City Beachside Homeowners are Wealthy Enough to Ignore Sea Level Rise

No sign of acceleration: Boston Sea Level Trends (source NOAA).

And beachfront high-rise development is still OK providing the developer plants a few weeds in front of the buildings.

Will climate change end waterfront living? Not if you can afford it

Oliver Milman in Boston @olliemilmanMon 20 Apr 2020 20.15 AESTLast modified on Tue 21 Apr 2020 00.43 AEST

Boston has endured several tumultuous eras, from being the birthplace of the American revolution to its seesawing fortunes as power and influence was wrested away by other US cities.

Now Boston faces its most existential threat yet – the rising seas.

Ironically, Boston is experiencing a surge in waterfront development at the very moment its growing risk to disastrous flooding becomes clear. The refashioning of Boston’s waterfront holds valuable lessons to other cities threatened by sea level rise – in terms of innovation but also wrenching concerns over displaced communities.

“It is an unfortunate quirk of timing,” admitted Nick Iselin, the general manager of development at Lendlease. Last summer, the property company completed the first phase of its Clippership Wharf development in East Boston, on the Boston Harbor waterfront. Nearly all of the 284 apartments have already been snapped up, with a second site in the same project set to be completed this year. In all, there will be 478 residencies on the seven-acre site.

City authorities are planning around a contingency of 40 inches of sea level rise by 2070 – a scenario that would inundate large swathes of Boston.

But Lendlease is embracing an approach more attuned to nature, one that leans upon the idea of living with the encroaching water rather than waging war against it – an ethos more common in the Netherlands or Venice than the US. Clippership Wharf has Boston Harbor’s first “living shoreline” – a network of natural plantings, salt marshes, rocky beaches and wildlife habitats aimed at dissipating waves from storms and subtly taming the high tides.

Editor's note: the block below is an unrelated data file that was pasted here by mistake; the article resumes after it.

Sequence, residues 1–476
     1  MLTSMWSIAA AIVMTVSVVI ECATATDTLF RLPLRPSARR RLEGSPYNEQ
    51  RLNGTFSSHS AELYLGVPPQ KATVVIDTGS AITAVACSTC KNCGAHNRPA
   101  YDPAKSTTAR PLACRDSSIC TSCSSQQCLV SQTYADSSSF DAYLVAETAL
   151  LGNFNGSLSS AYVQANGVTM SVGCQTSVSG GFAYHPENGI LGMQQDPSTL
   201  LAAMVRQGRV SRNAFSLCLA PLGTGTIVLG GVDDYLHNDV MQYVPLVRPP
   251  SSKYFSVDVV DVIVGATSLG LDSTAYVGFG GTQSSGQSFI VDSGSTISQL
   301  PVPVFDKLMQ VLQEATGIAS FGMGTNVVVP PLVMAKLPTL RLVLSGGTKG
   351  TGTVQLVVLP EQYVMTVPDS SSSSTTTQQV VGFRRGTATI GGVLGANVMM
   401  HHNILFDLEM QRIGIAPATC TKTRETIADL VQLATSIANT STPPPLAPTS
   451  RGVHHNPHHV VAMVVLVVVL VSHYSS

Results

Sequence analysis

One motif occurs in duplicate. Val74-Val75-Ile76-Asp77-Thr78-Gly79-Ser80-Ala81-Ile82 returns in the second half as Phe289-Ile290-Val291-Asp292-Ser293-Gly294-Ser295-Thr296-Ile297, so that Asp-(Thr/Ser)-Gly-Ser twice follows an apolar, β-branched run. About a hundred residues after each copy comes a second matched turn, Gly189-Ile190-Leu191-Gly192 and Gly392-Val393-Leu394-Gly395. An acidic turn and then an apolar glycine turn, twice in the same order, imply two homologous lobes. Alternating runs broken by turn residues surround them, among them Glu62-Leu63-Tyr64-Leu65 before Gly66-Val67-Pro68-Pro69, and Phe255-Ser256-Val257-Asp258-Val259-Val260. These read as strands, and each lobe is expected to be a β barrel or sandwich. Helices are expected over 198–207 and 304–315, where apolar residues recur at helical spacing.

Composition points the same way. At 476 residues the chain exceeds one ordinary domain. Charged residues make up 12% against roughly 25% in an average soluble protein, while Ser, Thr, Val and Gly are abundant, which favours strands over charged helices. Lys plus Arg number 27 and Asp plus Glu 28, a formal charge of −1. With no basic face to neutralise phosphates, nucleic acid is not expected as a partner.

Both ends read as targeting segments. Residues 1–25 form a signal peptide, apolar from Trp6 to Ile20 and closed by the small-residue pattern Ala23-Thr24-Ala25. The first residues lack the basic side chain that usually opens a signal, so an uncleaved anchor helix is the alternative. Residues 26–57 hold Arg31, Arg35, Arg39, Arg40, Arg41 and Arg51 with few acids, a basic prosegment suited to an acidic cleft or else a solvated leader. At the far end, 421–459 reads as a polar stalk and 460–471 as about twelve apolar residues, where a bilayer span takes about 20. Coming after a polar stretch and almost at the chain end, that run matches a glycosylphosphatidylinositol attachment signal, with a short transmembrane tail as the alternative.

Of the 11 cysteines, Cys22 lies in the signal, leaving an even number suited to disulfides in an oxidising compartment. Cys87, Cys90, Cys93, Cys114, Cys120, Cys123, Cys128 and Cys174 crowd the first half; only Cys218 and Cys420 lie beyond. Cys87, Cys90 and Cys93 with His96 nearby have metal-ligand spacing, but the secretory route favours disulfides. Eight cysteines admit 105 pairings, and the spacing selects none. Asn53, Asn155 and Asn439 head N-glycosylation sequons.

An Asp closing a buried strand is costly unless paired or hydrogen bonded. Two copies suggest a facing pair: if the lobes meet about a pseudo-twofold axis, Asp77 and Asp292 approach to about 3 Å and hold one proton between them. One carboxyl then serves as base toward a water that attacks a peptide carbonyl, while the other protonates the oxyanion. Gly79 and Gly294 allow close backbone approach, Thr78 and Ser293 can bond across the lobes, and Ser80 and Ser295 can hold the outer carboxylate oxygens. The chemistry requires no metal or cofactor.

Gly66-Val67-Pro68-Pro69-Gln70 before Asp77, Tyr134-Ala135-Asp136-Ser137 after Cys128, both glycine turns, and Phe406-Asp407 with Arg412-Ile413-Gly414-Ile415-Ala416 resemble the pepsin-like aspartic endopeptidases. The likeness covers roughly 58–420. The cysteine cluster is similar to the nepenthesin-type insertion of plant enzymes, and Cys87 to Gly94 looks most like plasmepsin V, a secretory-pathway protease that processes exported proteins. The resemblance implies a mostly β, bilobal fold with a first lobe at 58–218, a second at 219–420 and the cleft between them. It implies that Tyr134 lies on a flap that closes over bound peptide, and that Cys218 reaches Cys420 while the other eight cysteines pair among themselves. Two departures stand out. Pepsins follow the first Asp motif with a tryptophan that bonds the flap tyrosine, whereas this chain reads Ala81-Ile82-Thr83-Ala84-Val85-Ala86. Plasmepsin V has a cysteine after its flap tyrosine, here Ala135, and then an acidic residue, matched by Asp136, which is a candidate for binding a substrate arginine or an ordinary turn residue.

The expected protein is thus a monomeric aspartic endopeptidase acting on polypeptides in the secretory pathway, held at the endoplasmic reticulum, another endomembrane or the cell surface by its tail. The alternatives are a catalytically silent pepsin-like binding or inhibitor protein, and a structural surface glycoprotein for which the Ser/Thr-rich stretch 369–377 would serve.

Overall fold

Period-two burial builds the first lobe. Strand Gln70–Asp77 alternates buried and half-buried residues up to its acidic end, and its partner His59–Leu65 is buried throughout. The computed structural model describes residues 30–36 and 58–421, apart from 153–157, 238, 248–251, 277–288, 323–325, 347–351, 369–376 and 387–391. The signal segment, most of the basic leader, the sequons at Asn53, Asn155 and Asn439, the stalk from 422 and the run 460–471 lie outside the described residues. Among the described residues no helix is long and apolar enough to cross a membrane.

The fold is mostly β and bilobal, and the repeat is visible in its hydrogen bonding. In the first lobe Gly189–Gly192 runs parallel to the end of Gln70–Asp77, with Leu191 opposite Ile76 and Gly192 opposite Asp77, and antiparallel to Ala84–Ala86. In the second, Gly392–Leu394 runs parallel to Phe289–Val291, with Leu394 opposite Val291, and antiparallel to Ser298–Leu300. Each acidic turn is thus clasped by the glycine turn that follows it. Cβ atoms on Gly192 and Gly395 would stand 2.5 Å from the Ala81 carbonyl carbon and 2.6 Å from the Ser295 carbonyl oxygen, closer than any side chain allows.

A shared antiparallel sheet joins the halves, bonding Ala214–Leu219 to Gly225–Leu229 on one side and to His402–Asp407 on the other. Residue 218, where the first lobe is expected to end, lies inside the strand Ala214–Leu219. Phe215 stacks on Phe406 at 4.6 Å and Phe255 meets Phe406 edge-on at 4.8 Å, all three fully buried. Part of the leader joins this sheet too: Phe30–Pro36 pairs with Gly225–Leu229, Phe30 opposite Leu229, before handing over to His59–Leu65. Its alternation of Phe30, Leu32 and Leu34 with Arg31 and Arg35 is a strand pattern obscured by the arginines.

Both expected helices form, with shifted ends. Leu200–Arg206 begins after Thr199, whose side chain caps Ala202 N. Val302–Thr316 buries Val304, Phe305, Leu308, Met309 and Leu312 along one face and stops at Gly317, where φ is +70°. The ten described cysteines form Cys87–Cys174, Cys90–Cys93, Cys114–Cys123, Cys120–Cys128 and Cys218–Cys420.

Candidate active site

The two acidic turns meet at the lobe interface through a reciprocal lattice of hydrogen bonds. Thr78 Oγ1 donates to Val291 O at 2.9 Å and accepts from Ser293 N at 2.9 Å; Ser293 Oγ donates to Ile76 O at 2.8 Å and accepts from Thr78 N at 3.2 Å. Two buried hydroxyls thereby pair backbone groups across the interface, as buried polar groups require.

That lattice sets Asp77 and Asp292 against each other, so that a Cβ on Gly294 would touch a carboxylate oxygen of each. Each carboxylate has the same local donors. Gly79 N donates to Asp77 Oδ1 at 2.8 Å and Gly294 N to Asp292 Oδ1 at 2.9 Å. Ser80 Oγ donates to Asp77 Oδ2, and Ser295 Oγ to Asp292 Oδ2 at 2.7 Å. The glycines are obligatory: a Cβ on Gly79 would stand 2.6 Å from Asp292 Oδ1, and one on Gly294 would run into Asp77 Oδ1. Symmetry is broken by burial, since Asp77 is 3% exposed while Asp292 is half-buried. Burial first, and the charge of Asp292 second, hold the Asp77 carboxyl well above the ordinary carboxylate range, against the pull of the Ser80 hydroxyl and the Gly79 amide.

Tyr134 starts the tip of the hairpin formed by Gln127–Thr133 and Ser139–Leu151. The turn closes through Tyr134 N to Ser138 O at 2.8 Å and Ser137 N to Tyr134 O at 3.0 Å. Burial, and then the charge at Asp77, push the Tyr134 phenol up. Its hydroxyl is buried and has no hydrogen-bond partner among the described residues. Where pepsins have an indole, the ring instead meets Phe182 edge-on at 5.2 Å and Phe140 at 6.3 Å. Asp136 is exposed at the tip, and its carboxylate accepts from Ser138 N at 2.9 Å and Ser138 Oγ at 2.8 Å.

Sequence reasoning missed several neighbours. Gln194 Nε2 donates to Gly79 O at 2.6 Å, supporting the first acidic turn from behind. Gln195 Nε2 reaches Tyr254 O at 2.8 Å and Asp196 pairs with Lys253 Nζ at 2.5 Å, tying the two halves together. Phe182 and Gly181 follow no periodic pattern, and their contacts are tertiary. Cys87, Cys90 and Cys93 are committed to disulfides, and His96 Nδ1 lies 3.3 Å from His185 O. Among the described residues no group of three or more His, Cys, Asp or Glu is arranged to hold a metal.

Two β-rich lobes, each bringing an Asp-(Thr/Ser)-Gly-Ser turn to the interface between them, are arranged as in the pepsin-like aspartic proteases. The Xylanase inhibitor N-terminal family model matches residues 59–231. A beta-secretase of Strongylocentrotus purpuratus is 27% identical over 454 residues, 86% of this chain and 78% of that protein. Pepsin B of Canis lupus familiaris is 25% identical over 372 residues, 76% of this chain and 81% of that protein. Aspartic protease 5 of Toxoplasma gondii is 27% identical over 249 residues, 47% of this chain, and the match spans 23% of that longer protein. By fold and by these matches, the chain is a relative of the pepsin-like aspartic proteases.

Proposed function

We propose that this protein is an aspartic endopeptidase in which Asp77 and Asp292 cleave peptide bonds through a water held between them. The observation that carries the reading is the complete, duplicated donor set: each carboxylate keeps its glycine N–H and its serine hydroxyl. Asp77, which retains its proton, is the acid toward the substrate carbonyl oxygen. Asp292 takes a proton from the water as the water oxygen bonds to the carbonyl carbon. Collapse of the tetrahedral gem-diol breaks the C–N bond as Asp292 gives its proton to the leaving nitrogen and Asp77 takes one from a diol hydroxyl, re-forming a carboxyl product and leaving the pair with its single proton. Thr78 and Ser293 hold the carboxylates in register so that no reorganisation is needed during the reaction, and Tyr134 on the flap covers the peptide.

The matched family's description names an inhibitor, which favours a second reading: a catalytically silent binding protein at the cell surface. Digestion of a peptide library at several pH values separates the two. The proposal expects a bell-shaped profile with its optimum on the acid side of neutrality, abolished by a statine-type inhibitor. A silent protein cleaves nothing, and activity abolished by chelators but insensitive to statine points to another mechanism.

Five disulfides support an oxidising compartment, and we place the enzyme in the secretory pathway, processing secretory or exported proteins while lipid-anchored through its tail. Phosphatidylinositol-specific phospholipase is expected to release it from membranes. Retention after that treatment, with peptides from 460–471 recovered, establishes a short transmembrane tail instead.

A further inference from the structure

Read more:

This Guardian article is an intriguing departure from their normal position on beachside living. Most Guardian articles slam shoreline development as being too hazardous in the age of climate change, but Oliver Milman’s Guardian story reads like an infomercial written by the developers.

Having said that, the Guardian for once makes a valid point. Boston, like many US coastal cities, is pretty much built on landfill. The Guardian notes that Boston’s Logan International Airport used to be a series of sand islands.

The idea that cities which have been pushing back the seas for centuries will suddenly pack up and leave if threatened by a few inches more than expected has always been one of the more absurd green ideas – as even Guardian contributors are starting to notice.



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